The assault of Thabo Ramatsa
Mr Thabo Ramatsa told the Commission that he was assaulted by the A-Team at his house in Tlali Park, Thabong in March/April 1985. Members of the gang had arrived in a minibus to collect another member, Mr Tlasi Moetupe, who was Ramatsa’s neighbour. They stopped when they saw Ramatsa and attacked him, severely injuring him. The perpetrators were apprehended and the victim identified them in a parade. However, they were not charged [KZN/AT/005/FS].
The shooting of Sello Mofokeng
In May 1985, Sello Ephraim Mofokeng (15) was shot dead, allegedly by a councillor operating with the A-Team. Mofokeng and some friends were doing their homework at home when the gang entered the house and chased the boys through a window. The councillor then fired shots at them as they ran up the street, fatally wounding Mofokeng [KZN/MR/240/WE].
Attack on the Sello Mofokeng vigil
A few days later, members of the A-Team allegedly surrounded the house at which a vigil was being held for Sello Mofokeng. In an altercation between gang members and mourners, a member of the A-Team, Mr John Mahula was killed. In retaliation, the gang entered the house by force and beat the mourners inside with sjamboks, kierries and pangas4. Albert Phakathi himself was stabbed several times in the clash.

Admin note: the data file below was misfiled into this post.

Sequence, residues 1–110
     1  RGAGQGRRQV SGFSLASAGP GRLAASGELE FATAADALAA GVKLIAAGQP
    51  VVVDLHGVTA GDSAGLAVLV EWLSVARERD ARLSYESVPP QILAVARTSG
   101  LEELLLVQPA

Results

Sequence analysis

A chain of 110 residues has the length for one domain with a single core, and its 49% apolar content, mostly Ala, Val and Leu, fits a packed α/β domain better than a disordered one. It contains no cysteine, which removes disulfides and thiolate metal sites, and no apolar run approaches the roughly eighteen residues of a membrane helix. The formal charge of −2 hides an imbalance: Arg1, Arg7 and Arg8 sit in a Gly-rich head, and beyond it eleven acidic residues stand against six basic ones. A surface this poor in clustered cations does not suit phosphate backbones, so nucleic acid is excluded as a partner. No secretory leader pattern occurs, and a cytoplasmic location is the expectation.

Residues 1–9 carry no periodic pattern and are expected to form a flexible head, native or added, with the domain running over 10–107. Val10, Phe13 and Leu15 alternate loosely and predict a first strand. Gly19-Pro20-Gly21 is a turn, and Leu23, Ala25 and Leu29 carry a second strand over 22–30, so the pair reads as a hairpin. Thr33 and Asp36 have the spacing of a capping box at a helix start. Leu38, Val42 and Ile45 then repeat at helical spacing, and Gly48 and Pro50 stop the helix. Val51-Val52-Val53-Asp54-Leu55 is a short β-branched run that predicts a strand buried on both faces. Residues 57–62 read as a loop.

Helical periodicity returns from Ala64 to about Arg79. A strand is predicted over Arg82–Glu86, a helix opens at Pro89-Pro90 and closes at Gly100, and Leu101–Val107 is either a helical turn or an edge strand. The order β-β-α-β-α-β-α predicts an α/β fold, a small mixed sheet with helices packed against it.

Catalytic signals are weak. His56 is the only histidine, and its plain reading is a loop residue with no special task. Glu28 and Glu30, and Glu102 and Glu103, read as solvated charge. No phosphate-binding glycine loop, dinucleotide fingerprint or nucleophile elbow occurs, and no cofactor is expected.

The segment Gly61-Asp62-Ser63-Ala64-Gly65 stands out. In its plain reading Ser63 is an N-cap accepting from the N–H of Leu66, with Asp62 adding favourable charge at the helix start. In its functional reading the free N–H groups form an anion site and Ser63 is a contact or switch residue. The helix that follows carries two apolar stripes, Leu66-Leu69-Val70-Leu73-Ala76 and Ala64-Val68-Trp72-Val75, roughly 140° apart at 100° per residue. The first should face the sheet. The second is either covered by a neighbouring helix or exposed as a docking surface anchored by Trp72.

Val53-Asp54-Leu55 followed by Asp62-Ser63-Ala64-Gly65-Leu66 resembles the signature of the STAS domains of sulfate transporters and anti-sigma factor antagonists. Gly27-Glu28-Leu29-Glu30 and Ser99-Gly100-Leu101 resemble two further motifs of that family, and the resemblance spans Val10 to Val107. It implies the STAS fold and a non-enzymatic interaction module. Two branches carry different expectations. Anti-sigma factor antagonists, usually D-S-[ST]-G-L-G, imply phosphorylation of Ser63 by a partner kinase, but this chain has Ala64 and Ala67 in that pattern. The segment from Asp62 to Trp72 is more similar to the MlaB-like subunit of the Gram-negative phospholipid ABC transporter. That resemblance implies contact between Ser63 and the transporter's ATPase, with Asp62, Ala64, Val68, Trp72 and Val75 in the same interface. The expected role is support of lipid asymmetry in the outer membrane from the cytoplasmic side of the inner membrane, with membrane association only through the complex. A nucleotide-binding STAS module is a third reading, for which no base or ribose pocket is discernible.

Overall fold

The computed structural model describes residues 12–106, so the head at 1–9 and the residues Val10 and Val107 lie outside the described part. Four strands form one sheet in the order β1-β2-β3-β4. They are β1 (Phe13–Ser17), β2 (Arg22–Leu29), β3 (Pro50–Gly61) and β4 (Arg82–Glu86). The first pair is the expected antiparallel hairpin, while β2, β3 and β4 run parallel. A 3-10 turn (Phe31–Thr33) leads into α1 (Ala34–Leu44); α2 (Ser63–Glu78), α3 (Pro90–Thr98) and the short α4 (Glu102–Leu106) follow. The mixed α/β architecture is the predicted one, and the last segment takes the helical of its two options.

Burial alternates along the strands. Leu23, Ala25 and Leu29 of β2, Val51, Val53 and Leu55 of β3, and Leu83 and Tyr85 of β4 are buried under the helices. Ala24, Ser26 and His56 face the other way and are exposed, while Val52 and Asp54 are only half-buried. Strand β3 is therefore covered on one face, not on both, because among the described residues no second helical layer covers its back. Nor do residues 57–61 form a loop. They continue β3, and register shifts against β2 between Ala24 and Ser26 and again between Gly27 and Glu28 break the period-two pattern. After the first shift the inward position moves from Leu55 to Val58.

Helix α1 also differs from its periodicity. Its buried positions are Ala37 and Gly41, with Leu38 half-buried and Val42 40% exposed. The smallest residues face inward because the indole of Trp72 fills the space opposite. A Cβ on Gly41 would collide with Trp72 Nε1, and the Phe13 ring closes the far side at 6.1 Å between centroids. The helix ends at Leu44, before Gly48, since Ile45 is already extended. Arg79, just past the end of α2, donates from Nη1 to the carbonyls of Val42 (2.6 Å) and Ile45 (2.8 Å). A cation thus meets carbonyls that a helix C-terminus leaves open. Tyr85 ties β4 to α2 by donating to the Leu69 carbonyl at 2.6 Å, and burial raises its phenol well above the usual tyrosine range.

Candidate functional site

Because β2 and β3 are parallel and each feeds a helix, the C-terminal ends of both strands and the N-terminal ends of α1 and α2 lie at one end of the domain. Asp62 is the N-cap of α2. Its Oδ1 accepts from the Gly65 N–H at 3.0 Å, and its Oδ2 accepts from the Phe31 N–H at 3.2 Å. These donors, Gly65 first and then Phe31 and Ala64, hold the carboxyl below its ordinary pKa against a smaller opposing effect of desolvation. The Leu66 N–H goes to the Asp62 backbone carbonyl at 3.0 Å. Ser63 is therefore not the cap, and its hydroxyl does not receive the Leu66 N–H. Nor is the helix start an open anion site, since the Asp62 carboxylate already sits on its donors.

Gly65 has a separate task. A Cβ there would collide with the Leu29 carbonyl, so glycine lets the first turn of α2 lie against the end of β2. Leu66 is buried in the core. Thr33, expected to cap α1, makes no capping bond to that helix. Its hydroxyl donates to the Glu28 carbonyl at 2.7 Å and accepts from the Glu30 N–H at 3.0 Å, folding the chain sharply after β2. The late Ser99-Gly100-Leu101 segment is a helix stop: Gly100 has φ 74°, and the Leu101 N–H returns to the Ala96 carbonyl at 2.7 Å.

Witnesses to the incident say that the A-Team then took the victims in a minibus to the Thabong police station where they were praised by Mayor Tlali for work well done. The victims were held overnight and released the next day. They made statements to the Attorney-General’s office. A case was held, but no convictions were secured.
Witnesses testifying to the A-Team attack on mourners were Mr Nthabiseng Sepeeane, who was severely beaten [KZN/AT/008/FS], Ms Nkopodi Joyce Melane, who was sjambokked and kicked in the chest [KZN/AT/009/FS], and Mr Thapelo Jacob Bodiba, who was stabbed on the head and in the left eye, resulting in the loss of the eye [KZN/AT/012/FS].4 Whips, clubs and large broad-bladed knives (used for cutting cane).